Dima Budker, left, is in a fermionic state, occupied by only one of himself. Many copies of bosonic Damon English, right, occupy the same state at once. (Composite of photos by Roy Kaltschmidt and Damon English)
"Two-photon transitions aren't rare," said English, "but what makes them different from single-photon transitions is that there can be two possible paths to the final excited state – two paths that differ by the order in which the photons are absorbed during the transition. These paths can interfere, destructively or constructively. One of the factors that determines whether the interference is constructive or destructive is whether photons are bosons or fermions."
In the particular barium two-photon transition the researchers used, the spin-statistics theorem forbids the transition when the two photons have the same wavelength. These forbidden two-photon transitions are allowed by every known conservation law except the spin-statistics theorem. What English, Yashchuk, and Budker were looking for were exceptions to this rule, or as English puts it, "bosons acting like fermions."
The experiment starts with a stream of barium atoms; two lasers are aimed at it from opposite sides to prevent unwanted effects associated with atomic recoil. The lasers are tuned to the same frequency but have opposite polarization, which is necessary to preserve angular momentum. If forbidden transitions were caused by two same-wavelength photons from the two lasers, they would be detected when the atoms emit a particular color of fluorescent light.
The researchers carefully and repeatedly tuned through the region where forbidden two-photon transitions, if any were to occur, would reveal themselves. They detected nothing. These stringent results limit the probability that any two photons could violate the spin-statistics theorem: the chances that two photons are in a fermionic state are no better than one in a hundred billion — by far the most sensitive test yet at low energies, which may well be more sensitive than similar evidence from high-energy particle colliders.
Two green laser beams enter a vacuum chamber from left and right and meet at the center, where they intersect a beam of barium atoms. (Photo: Damon English/UC Berkeley)
Budker emphasizes that this was "a true tabletop experiment, able to make significant discoveries in particle physics without spending billions of dollars." Its prototype was originally devised by Budker and David DeMille, now at Yale, who in 1999 were able to severely limit the probability of photons being in a "wrong" (fermionic) state. The latest experiment, conducted at UC Berkeley, uses a more refined method and improves on the earlier result by more than three orders of magnitude.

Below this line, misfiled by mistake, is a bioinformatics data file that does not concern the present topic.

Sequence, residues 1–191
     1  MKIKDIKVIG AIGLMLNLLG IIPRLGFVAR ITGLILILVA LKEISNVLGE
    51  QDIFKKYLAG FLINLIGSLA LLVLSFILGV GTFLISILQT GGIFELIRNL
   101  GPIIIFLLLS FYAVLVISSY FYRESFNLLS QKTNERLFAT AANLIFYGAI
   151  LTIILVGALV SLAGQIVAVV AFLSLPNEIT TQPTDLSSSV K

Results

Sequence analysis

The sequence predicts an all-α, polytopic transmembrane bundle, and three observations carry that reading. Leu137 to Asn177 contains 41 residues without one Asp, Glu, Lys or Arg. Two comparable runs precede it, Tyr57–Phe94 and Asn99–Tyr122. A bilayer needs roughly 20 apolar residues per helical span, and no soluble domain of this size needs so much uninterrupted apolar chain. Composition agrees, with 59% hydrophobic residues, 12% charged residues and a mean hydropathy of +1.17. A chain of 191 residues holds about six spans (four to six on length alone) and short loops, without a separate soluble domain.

"We keep looking, because experimental tests at ever increasing sensitivity are motivated by the fundamental importance of quantum statistics," said Budker. "The spin-statistics connection is one of the most basic assumptions in our understanding of the fundamental laws of nature."
"Spectroscopic test of Bose-Einstein statistics for photons," by English, Yashchuk, and Budker, appears in the June 25 issue of Physical Review Letters and is available online. The research was supported by the National Science Foundation.
For more information, visit: www.berkeley.edu
- A charged elementary particle of an atom; the term is most commonly used in reference to the negatively charged particle called a negatron. Its mass at rest is me = 9.109558 x 10-31 kg, its charge is 1.6021917 x 10-19 C, and its spin quantum number is 1/2. Its positive counterpart is called a positron, and possesses the same characteristics, except for the reversal of the charge.
- A quantum of electromagnetic energy of a single mode; i.e., a single wavelength, direction and polarization. As a unit of energy, each photon equals hn, h being Planck's constant and n, the frequency of the propagating electromagnetic wave. The momentum of the photon in the direction of propagation is hn/c, c being the speed of light.
- With respect to light radiation, the restriction of the vibrations of the magnetic or electric field vector to a single plane. In a beam of electromagnetic radiation, the polarization direction is the direction of the electric field vector (with no distinction between positive and negative as the field oscillates back and forth). The polarization vector is always in the plane at right angles to the beam direction. Near some given stationary point in space the polarization direction in the beam...